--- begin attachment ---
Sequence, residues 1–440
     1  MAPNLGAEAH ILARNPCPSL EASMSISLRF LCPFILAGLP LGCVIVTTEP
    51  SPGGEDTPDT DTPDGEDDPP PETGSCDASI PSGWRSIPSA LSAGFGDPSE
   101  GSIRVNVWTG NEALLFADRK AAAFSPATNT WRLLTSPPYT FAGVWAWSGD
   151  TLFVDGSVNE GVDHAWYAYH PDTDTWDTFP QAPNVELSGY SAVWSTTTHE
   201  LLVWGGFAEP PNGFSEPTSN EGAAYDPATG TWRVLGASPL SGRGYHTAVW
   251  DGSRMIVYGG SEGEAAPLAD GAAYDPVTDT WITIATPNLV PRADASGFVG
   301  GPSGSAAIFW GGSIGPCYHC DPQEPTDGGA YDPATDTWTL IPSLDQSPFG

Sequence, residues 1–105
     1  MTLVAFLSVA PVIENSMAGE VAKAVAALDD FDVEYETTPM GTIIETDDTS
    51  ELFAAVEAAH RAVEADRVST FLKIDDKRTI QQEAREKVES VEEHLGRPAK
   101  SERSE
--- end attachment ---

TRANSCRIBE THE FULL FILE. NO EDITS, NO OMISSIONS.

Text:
Sequence, residues 1–440
     1  MAPNLGAEAH ILARNPCPSL EASMSISLRF LCPFILAGLP LGCVIVTTEP
    51  SPGGEDTPDT DTPDGEDDPP PETGSCDASI PSGWRSIPSA LSAGFGDPSE
   101  GSIRVNVWTG NEALLFADRK AAAFSPATNT WRLLTSPPYT FAGVWAWSGD
   151  TLFVDGSVNE GVDHAWYAYH PDTDTWDTFP QAPNVELSGY SAVWSTTTHE
   201  LLVWGGFAEP PNGFSEPTSN EGAAYDPATG TWRVLGASPL SGRGYHTAVW
   251  DGSRMIVYGG SEGEAAPLAD GAAYDPVTDT WITIATPNLV PRADASGFVG
   301  GPSGSAAIFW GGSIGPCYHC DPQEPTDGGA YDPATDTWTL IPSLDQSPFG

Sequence, residues 1–105
     1  MTLVAFLSVA PVIENSMAGE VAKAVAALDD FDVEYETTPM GTIIETDDTS
    51  ELFAAVEAAH RAVEADRVST FLKIDDKRTI QQEAREKVES VEEHLGRPAK
   101  SERSE